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“I felt no romantic connection, but I took her number down because I felt sorry.”

“She should be modern, yet traditional. Introverted yet extroverted.”

If it was OK for men to make these claims, then why was it not OK when women expressed their list of preferences or their reservations? Aunty, your reactions included the below:

“She is so stubborn. She has such a long list.”

“I think that girl is superficial.”

Aunty, you said one shouldn’t go by photographs. Then why show the photograph to a face reader to ascertain your client’s future? Also, you told Shital that it was impossible for her to meet a doctor who was tall, good-looking, and Gujarati. Guess what? Shital found someone on her own, who ticked all the boxes. Three cheers to her!

Stop sugar-coating arranged marriages and glamourizing adjustment

Stop pretending that arranged marriage is one big fairy tale. That’s the Sooraj Barjatya school of thought that looks great on celluloid, but not so much in real life.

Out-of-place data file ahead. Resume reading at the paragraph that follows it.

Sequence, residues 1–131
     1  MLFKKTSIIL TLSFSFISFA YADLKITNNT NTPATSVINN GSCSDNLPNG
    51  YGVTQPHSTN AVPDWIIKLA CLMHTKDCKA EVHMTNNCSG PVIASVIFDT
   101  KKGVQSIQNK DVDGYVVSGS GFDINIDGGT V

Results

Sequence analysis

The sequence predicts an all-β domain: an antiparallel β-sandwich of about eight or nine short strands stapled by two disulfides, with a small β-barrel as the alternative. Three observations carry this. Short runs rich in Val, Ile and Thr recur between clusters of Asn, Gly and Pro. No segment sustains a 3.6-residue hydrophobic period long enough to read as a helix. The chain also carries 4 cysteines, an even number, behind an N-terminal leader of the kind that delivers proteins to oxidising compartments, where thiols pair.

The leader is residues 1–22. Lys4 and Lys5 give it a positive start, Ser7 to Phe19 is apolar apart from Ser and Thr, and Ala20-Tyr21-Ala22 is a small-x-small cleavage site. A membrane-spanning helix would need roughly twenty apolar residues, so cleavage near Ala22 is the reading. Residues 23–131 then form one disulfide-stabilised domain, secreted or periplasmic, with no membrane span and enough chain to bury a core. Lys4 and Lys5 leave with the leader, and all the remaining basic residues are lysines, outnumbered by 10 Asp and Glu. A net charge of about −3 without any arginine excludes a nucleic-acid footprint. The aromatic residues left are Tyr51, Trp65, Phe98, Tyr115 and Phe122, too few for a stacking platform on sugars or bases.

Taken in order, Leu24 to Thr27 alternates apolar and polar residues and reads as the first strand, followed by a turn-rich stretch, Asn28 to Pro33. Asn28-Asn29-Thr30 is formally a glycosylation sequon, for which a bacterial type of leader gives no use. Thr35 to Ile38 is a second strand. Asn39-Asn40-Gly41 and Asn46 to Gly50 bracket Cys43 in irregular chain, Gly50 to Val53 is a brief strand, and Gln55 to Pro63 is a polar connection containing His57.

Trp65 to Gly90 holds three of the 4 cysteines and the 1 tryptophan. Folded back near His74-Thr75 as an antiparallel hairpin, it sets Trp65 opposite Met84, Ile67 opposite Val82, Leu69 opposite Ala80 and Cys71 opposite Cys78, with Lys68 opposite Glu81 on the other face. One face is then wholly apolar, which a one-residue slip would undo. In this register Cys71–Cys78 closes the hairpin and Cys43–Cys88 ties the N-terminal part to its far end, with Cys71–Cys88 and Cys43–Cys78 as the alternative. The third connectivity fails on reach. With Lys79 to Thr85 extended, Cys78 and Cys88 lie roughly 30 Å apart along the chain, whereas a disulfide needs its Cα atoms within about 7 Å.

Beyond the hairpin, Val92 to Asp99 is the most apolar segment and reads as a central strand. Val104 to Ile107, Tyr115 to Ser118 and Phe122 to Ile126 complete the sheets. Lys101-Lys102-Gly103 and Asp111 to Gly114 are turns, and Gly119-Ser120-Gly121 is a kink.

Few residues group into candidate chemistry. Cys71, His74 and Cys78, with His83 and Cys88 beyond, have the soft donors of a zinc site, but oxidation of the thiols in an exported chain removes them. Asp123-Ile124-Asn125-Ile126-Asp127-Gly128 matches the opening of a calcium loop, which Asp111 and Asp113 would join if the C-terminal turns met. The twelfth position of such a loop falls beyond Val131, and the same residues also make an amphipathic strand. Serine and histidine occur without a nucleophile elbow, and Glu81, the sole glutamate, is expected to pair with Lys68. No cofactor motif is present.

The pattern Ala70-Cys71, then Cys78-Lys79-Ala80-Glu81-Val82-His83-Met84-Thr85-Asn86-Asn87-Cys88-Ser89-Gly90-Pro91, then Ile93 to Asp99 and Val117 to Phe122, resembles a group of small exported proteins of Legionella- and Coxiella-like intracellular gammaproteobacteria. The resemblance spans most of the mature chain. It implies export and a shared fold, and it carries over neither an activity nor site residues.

“First is marriage, then love. Everything gets adjusted after marriage. You have to adjust a little, then the life becomes beautiful and smooth.” 

An arranged marriage does not guarantee a happily ever after. For that matter, neither does love marriage. Showcasing couples who saw each other for fifteen minutes before they got hitched and are celebrating their fortieth anniversary is great, but not representative. These are people from a different period and do not necessarily capture the expectations and pressures of modern relationships. Please ask these couples to open up about the ups and downs in their journey, how they managed careers and balanced family, and how they worked on their marriages. That will make for a more interesting discussion.

Support the Queens

Aunty, your client roster has many women who are in their mid-thirties and are very successful in their careers. They have worked hard to get where they are now. They deserve to enjoy every bit of their success. Please celebrate them, rather than label them ‘stubborn’ and ‘choosy’. They can take their time.

Aparna, a recurring cast member from season one, who is no longer your client, is one such Queen. To the broker who showed her a flat with a large kitchen, she was quite blunt.